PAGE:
This February 2017, Emergents/XpoNorth Crafts, Fashion and Textiles supported a group of Highlands and Islands makers to visit Collect 2017 at the Saatchi Gallery in London. Read below Skye based ceramicist Patricia Shone‘s report of her time at the event.
Collect 2017 report – Patricia Shone
First impressions of the show were of the amount and quality of the metalwork and jewellery on exhibition. Perhaps this was notable because I don’t have much daily contact with this area of the craft world. Many of the ceramics makers were familiar to me and no great surprises. In previous years many of the ceramics displayed at Collect have been on sale as collections or installations, to overcome the minimum price limit. I was struck this year by how many of the ceramics were individual pieces which commanded well in excess of the minimum price. Looking through the www.artsy.net website you can see that a lot of the ceramic pieces are also in the sculpture section. Is the world of fine art finally catching up with what applied artists have known for a very long time?
I was very pleased to see the, almost traditional, functional ware of Wally Keeler with Ruthin Craft Centre, including a polychrome teapot of the most gorgeous limpid glaze. To me, well deserving of it’s huge price tag.
I decided not to take photos partly due to the number of people milling around and partly because I was enjoying looking at the work so much.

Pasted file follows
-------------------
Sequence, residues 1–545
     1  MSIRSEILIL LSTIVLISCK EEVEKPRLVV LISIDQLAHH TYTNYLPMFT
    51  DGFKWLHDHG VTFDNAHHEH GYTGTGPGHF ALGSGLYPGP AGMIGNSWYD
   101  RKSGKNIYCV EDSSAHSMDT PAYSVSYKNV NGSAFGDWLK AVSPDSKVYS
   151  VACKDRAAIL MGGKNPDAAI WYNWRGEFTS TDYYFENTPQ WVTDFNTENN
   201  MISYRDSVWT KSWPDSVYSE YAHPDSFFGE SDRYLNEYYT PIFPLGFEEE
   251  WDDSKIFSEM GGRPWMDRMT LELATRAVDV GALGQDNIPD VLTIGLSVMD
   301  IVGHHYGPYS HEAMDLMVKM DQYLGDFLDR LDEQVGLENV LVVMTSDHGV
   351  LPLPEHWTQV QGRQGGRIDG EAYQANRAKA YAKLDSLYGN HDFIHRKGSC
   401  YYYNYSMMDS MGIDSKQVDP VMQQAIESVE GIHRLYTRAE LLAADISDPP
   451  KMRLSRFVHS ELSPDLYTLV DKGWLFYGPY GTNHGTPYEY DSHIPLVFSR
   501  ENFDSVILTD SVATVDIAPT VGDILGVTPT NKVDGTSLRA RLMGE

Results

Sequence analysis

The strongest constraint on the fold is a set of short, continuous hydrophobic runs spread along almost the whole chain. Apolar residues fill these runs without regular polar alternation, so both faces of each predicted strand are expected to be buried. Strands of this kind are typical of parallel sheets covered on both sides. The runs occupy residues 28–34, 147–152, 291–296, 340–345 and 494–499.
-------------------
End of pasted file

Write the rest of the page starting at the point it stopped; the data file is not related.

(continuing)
There were more than a few works of, to my mind, disturbing painstakingly intricate detail; carved fired porcelain pots by Jong-Min Lee, Korean Craft Design Foundation, whose annual output is rarely more than a dozen pieces. Coral like forms of Natalie Doyen, WCC-BF Gallery – obsessively textured with a pin.
I found these compelling but claustrophobic.
Artcourt Gallery of Osaka presented two of my favourite pieces. A large boat or fish like vessel by Akiyama Yo, monumental texture and form.
Some fabulous forms by Genta Ishizuka, these amoeba like pieces were created using the centuries old technique of urushu lacquering to bring them to a high glossy sheen with depths of rich, dark browns, ambers and reds, the underlying structure being styrofoam.
Dizzying double layered, indigo died, textile hangings at the Flow gallery by Shihoko Fukumoto – trying to write down the name of the artist with the hanging within vision was a very disorientating experience.
Nostalgia 1016-twto1 by Osamu Kojima at Tokyo Gallery, monumental, dark piece made of clay slabs assembled like opposing cliffs.
Ashraf Hanna’s austere monochrome hand built vessels with rims of spine tingling perfection which still managed to be approachable and humane.
Somehow despite going to the show twice, I managed to miss Collect Open. This is where makers are given the opportunity to show new work, a chance to “experiment with ideas and try out new materials to stretch abilities to their furthest limits” (Imogen Greenhalgh)
Looking at the event with the hope of showing there, should Craft Scotland decide to take a stand next year, I think there is no shortage of skilled Scottish makers whose work would excel amongst such company. Getting them to apply is another thing. I also think Craft Scotland will have a lot of homework to do to be fully confident in their understanding of the work they show. The galleries currently showing at Collect are at an advantage in representing a smaller spectrum of media with fewer numbers of makers than Craft Scotland. Artists and Craft Scotland would have to work closely together on this.
Patricia Shone, February 2016